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Professional receivers and transmitters now with a wider switching bandwidth

EM 3732-II

The flagship in Sennheiser’s professional series: the EM 3732-II receiver has a switching bandwidth of up to 184 MHz

Old Lyme, CT, April 12, 2010: Audio specialist Sennheiser is launching new versions of its professional wireless products at NAB 2010. The EM 3732-II twin receiver and the SK 5212-II bodypack transmitter feature a switching bandwidth of up to 184 MHz and have a special mode for more interference-free transmission frequencies. This means that sound engineers can adapt to worldwide transmission conditions more easily and avoid interference from other transmitter with the same excellent channel separation and strong signal immunity that they are accustomed to from professional Sennheiser systems.

Reliable reception with wider switching bandwidth
The doubled switching bandwidth enhances the flexibility and versatility of the EM 3732-II receiver and its sister models, the EM 3731-II and EM 3732-COM-II. “The receivers are fitted with very high-quality linear amplifiers and auto-tuning filters,? explained Robb Blumenreder, channel manager of professional systems at Sennheiser’s U.S. headquarters. “This greatly reduces the amount of intermodulation products, ensuring reliable reception even in difficult RF environments.?

SK 5212-II

The new SK 5212-II bodypack transmitter features a switching bandwidth of up to 184 MHz and a Low Intermodulation mode for even more efficient use of the frequency spectrum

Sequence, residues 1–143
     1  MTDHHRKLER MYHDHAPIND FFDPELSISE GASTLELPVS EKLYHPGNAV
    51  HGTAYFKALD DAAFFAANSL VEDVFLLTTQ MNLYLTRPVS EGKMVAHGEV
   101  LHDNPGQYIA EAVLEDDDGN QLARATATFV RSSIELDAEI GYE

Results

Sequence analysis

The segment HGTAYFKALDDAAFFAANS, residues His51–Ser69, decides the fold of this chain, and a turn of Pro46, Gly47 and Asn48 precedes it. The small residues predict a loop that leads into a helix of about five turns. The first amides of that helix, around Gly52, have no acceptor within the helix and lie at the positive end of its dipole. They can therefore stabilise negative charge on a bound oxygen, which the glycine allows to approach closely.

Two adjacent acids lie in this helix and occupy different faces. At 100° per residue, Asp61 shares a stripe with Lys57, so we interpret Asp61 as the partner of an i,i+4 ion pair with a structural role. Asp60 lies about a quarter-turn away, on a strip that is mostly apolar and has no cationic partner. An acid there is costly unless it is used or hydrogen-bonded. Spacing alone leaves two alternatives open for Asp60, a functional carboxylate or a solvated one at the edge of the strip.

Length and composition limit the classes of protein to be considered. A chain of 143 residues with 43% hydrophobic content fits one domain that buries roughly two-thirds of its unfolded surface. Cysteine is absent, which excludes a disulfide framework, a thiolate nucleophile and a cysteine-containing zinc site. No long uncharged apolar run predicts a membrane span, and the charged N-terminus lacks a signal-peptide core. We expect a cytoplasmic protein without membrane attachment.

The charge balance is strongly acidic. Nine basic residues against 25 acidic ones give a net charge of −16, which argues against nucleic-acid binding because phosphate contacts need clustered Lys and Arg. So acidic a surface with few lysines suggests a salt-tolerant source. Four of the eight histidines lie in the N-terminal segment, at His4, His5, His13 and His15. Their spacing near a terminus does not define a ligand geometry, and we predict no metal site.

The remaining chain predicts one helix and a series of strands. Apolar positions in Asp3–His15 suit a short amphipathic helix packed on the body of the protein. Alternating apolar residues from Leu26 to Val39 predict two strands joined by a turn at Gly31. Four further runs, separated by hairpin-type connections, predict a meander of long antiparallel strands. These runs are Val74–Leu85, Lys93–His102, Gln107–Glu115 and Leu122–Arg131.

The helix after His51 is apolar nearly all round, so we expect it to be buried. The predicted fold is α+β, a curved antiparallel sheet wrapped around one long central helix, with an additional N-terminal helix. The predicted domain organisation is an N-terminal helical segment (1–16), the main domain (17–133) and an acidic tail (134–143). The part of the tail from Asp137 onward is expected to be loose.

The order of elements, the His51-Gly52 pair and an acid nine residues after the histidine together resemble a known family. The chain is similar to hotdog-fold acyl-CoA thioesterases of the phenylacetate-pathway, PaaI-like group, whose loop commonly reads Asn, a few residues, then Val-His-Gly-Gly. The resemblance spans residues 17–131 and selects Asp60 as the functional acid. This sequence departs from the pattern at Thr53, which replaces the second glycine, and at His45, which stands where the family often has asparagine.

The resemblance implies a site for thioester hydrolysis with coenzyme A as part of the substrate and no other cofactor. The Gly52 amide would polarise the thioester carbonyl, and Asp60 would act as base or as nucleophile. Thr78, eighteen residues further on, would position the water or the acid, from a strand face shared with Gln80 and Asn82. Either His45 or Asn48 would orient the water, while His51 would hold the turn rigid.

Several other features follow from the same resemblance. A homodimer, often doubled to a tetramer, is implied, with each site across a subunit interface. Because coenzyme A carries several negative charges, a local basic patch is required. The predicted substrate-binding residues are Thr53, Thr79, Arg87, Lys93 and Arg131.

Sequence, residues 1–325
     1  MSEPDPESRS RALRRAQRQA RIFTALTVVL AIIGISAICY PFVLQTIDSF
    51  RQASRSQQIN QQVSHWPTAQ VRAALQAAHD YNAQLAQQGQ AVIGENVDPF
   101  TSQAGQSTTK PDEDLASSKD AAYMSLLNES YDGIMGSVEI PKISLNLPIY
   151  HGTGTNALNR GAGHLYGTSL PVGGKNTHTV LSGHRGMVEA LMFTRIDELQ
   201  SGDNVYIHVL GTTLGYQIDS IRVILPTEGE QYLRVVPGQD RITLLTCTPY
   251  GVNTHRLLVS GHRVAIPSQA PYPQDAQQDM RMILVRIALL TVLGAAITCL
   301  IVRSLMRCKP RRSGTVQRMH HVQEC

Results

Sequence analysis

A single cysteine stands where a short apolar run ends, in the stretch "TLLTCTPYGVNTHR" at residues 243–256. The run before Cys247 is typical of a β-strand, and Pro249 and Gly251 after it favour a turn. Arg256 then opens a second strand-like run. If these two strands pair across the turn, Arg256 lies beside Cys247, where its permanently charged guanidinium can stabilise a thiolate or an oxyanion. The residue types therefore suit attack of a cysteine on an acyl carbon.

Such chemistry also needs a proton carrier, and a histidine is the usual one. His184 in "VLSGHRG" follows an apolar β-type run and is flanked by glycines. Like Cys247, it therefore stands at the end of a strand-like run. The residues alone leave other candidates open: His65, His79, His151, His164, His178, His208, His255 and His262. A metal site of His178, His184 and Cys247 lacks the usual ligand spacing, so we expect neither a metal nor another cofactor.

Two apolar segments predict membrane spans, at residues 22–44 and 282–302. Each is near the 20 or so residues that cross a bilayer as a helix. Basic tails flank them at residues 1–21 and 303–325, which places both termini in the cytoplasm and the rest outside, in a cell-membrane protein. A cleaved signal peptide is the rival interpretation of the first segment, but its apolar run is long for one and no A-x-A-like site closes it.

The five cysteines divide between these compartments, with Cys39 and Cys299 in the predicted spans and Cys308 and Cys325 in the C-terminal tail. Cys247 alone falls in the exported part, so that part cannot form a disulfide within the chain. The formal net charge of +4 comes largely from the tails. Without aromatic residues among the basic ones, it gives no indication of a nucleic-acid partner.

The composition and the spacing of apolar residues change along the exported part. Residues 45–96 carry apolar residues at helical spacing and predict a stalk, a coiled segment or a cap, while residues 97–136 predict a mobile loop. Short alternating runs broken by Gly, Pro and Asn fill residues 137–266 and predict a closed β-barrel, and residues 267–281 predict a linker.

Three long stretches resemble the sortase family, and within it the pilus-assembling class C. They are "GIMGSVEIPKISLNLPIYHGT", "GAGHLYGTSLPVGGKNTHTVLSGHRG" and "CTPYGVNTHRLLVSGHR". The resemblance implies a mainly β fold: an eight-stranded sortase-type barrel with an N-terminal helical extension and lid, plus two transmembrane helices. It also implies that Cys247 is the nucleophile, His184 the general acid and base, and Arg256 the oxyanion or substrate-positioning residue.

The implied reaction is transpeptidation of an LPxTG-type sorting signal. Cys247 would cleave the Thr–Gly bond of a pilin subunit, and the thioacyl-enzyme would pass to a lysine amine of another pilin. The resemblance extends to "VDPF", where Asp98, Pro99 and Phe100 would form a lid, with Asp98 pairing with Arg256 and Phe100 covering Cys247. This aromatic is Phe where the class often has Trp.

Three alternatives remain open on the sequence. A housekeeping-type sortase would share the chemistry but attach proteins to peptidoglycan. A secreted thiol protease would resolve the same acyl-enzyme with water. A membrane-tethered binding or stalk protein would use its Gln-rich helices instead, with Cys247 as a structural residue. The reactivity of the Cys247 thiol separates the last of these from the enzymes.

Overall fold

More reliable transmission for multichannel applications
In addition to a wider switching bandwidth, another new feature of the
SK 5212-II bodypack transmitter is the “Low Intermodulation? mode, which significantly reduces transmitter intermodulation. The problem of transmitter intermodulation occurs whenever several transmitters are used in close proximity, with the unwanted intermodulation products limiting the number of usable channels.

“With the Low Intermodulation mode of the SK 5212-II, the sound engineer can pack around 30 percent more channels in a given frequency band than before and the spectrum can be used much more efficiently,? Blumenreder said. “Alternatively, one can simply benefit from the increased reliability that this mode offers.? Of course, the transmitter can also be operated in standard mode at 10 mW—thus extending the operating time—or can transmit at 50 mW in order to increase the range.

Even with this additional function, the transmitter is still as compact as ever and uses just one AA cell—a special asset for broadcasting applications, musicals and live productions, where the size of the transmitter plays a key role.

Available frequencies for the SK 5212-II and EM 3732-II are 470-638 (L-band) and 614-697.9 (N-band).

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